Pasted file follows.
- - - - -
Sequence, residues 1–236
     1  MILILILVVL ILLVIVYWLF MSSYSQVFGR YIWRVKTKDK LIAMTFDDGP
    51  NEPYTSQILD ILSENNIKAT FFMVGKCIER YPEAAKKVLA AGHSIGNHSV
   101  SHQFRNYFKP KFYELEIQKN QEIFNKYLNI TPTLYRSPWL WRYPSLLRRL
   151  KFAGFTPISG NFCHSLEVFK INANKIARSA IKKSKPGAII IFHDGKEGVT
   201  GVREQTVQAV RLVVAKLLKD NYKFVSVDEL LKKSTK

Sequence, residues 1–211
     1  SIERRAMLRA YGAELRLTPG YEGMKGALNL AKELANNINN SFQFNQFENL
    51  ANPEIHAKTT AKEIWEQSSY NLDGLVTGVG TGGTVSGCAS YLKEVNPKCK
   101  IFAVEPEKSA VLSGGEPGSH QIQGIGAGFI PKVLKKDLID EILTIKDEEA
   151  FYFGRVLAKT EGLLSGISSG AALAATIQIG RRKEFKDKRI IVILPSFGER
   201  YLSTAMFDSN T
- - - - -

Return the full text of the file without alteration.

Sequence, residues 1–236
     1  MILILILVVL ILLVIVYWLF MSSYSQVFGR YIWRVKTKDK LIAMTFDDGP
    51  NEPYTSQILD ILSENNIKAT FFMVGKCIER YPEAAKKVLA AGHSIGNHSV
   101  SHQFRNYFKP KFYELEIQKN QEIFNKYLNI TPTLYRSPWL WRYPSLLRRL
   151  KFAGFTPISG NFCHSLEVFK INANKIARSA IKKSKPGAII IFHDGKEGVT
   201  GVREQTVQAV RLVVAKLLKD NYKFVSVDEL LKKSTK

Sequence, residues 1–211
     1  SIERRAMLRA YGAELRLTPG YEGMKGALNL AKELANNINN SFQFNQFENL
    51  ANPEIHAKTT AKEIWEQSSY NLDGLVTGVG TGGTVSGCAS YLKEVNPKCK
   101  IFAVEPEKSA VLSGGEPGSH QIQGIGAGFI PKVLKKDLID EILTIKDEEA
   151  FYFGRVLAKT EGLLSGISSG AALAATIQIG RRKEFKDKRI IVILPSFGER
   201  YLSTAMFDSN T